PdFLeaks: Carne Ross on the Diplomacy Before and After Wikileaks
BY Micah L. Sifry | Wednesday, December 15 2010
I didn't have a lot of time to digest what was being said while I was running the first session of Saturday's PdF Symposium on Wikileaks and Internet Freedom, but as I look back, the points that stuck with me the most came from "independent diplomat" Carne Ross. The released cables aren't just gossip, he told the audience; they're quite disruptive. Because it has information, Wikileaks now has power, and with power comes responsibility he argued. And the core issue is the gap between what states say and what they do; a cable dump from, say, Sweden's foreign ministry, would be fairly boring because the country pretty much practices what it preaches. Internet-driven transparency of the kind being delivered by the new hyperleakers could have the benefit, he said, of eventually getting states to align their foreign policies more cleaningly with their expressed values. Thankfully, he has kindly given us a copy of his remarks (you can watch them on the first video, starting at about 42:45 minutes in).
I am a former British diplomat who resigned over the Iraq war after giving then secret evidence to an official inquiry, saying that the UK government had misled the public on the reasons for war, and had neglected available alternatives to war: a fundamental duty of government. I now head Independent Diplomat, a non-profit advisory group, which advises governments and political groups, including liberation movements, on diplomacy.
I have several comments on WikiLeaks:
1. Don’t believe those who say the leaks show nothing especially new. They are – very – wrong: the revelations are remarkable and in some cases game-changing (3 examples – US air reconnaissance of Lebanon at Lebanese government’s request; Yemeni President discussing bombing methods US should employ to attack targets in his own country; detailed evidence of Karzai’s pointblank refusal to deal with corruption); and there are more to come (cables released so far do not cover 1990-03 period, i.e. birth of GWOT [Global War on Terror] , planning for Afghanistan and Iraq wars);
2. It is not yet proven that harm has been done to US citizens or soldiers, as US government has claimed, but there has undoubtedly been harm to US interests; absurd for Wikileaks or New York Times to claim that redaction avoids harm: one example is a cable on sensitive advice from a foreign official on how to handle hostage situations in Iran. Political information released is so massive, so sensitive, that it will cause long term and wholly unpredictable effects, perhaps some good, perhaps some bad, but in truth no one can really tell.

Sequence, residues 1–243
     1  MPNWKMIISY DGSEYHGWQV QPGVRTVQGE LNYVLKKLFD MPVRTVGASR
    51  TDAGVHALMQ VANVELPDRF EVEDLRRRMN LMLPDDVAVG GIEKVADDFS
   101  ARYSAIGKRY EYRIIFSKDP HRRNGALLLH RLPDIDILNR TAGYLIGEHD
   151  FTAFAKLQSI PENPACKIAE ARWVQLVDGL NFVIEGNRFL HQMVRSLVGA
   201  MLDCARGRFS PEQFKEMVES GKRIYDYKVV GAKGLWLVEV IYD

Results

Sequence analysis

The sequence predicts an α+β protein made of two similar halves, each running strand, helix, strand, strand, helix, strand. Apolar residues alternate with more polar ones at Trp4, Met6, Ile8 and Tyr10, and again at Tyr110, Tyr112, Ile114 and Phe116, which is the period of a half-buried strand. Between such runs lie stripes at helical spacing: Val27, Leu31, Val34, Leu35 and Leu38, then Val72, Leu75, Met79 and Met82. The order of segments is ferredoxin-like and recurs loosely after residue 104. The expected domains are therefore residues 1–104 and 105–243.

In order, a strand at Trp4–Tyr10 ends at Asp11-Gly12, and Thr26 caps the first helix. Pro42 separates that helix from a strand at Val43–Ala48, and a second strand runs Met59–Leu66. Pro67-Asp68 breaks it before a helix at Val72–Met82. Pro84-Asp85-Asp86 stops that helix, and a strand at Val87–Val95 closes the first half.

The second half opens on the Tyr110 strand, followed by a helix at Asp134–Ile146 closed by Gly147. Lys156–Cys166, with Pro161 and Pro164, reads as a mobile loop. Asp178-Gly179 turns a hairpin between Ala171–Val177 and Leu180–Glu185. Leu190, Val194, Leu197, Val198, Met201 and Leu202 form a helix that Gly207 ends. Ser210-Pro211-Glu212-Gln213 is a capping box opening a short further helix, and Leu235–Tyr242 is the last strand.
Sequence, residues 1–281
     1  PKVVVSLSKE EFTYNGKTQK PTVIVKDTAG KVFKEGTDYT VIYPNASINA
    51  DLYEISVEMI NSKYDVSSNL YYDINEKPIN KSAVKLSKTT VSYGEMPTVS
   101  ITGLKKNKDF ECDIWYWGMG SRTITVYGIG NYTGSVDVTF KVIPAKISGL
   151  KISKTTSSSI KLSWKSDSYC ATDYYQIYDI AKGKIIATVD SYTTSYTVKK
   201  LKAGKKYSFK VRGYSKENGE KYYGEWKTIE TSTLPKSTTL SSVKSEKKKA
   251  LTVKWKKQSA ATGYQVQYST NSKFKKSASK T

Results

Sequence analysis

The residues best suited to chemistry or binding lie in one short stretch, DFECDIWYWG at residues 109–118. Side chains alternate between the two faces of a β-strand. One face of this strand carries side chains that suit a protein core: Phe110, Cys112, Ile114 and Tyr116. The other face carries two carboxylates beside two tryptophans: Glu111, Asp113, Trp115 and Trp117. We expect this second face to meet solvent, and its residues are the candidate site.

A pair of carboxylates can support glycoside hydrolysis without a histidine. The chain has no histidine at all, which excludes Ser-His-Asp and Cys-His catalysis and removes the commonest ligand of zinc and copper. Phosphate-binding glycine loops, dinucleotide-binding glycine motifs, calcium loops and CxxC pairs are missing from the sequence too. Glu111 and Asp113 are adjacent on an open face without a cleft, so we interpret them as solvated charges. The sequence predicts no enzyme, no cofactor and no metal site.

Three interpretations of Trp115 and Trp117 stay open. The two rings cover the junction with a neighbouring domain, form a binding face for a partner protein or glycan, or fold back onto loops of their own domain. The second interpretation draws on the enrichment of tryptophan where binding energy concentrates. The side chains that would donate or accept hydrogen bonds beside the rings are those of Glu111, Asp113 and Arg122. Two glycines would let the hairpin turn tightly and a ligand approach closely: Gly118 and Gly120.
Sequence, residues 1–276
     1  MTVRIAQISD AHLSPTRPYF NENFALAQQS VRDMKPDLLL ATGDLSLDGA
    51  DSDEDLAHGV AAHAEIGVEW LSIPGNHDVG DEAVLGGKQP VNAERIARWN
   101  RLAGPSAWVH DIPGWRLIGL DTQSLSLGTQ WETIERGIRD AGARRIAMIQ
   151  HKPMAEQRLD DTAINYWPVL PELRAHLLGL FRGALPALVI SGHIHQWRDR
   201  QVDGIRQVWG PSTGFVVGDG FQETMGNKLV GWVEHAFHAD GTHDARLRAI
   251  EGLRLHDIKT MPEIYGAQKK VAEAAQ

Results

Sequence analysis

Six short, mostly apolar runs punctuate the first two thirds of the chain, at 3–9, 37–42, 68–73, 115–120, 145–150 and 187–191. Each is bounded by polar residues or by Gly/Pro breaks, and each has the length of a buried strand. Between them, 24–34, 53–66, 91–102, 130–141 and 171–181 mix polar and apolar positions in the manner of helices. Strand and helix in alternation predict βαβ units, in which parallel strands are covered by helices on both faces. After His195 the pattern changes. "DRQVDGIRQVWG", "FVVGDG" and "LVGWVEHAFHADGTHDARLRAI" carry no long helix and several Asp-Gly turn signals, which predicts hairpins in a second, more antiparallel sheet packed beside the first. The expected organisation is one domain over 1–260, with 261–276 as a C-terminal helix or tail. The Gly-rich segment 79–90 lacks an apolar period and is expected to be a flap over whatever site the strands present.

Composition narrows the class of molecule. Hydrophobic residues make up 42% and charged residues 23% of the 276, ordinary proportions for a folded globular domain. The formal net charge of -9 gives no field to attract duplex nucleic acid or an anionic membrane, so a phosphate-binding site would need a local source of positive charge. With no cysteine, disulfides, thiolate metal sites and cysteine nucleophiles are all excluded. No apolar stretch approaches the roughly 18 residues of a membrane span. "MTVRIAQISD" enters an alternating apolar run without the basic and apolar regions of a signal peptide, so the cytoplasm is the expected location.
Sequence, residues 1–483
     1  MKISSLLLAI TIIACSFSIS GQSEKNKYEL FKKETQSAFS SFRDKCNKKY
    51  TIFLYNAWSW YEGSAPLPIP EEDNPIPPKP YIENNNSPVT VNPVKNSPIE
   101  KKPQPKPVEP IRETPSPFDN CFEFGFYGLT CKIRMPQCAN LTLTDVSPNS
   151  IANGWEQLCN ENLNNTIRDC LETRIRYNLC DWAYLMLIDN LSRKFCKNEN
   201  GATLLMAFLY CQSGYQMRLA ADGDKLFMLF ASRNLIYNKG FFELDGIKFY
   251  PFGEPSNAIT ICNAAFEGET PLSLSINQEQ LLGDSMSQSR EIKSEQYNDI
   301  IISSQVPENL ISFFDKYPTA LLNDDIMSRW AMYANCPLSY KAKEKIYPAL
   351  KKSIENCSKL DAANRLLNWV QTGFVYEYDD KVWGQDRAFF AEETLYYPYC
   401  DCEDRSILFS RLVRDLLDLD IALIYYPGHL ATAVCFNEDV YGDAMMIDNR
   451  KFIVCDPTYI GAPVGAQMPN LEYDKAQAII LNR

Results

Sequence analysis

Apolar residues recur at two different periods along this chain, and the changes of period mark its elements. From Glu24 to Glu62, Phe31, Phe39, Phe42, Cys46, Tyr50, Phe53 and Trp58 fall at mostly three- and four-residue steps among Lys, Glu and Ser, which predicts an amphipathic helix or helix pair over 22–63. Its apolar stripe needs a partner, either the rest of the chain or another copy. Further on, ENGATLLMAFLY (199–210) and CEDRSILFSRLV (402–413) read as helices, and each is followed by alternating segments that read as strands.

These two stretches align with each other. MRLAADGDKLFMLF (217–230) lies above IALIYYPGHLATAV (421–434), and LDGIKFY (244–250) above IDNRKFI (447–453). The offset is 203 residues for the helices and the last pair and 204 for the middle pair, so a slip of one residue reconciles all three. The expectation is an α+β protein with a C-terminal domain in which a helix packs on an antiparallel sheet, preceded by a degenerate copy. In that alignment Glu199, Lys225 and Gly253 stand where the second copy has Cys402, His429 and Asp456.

3. Governments are responding by locking data tighter, but they confront a fundamental paradox: neither government nor diplomacy can operate by word of mouth; they need records; best diplomatic services work well because everything important including sensitive information is shared, UN works badly because nothing sensitive shared (because everything sensitive is leaked); therefore to maintain effectiveness, governments must continue to record and share data, and thus render themselves vulnerable to leaks;
4. Surprised at complacency of those who claim governments require secrecy, without even knowing what governments keep secret from them; I worked on very sensitive issues including Afghanistan, Iraq, terrorism; very clear to me that far too much kept secret, and secrecy contributed to bad policy making; I worked for many years on sanctions on Iraq: this was a bad policy that caused immense harm to the Iraqi civilian population. No doubt that had this policy been conducted under greater public scrutiny, it would have been better.
5. Argument that Congressional/Parliamentary scrutiny sufficient does not stand up: I testified to both – but after my resignation and even then the questioning superficial and complacent; during my work on Iraq WMD, sanctions etc, neither I nor my colleagues were ever questioned in detail about our work, including by journalists; lazy to assume that these checks and balances are functioning as they should to hold government to account; they are not;
6. This (5) is perhaps one reason why WikiLeaks exists, another – and why we may feel ambivalent in condemning WikiLeaks - may be that people feel government has not told them the truth over last ten years especially: they are right; I was head of Middle East issues for UK at the UN Security Council, primarily Iraq; I resigned after giving detailed evidence that my government had not told the truth about what it knew about the threat from Iraq, and its failure to consider available alternatives to war;
7. Two pointers for future: WikiLeaks exploits gap between what governments say and what they do; if private picture were wholly consistent with public rhetoric, these leaks would not be embarrassing, instead they would be just boring; therefore, hopefully one consequence will be that governments realise this too;
8. Second, if WikiLeaks is to continue, and other WikiLeaks to emerge, as seems to be the case, we need to develop a new discourse of what responsibilities they must bear; it is clearly insufficient for them to simply claim governments lie, and that therefore everything WikiLeaks does is morally in the right; with information, comes power, with power comes responsibility: these responsibilities include to avoid harm, which WikiLeaks has not done, and to understand the very complex picture of international diplomacy that these cables reveal; International relations are not simple, it’s not Us vs Them, or as simple as truth vs lies; it is right and legitimate for people to demand more access to information about the foreign policy conducted in their name, but if people are to demand access to information, then also they must take responsibility to understand it, and respect it.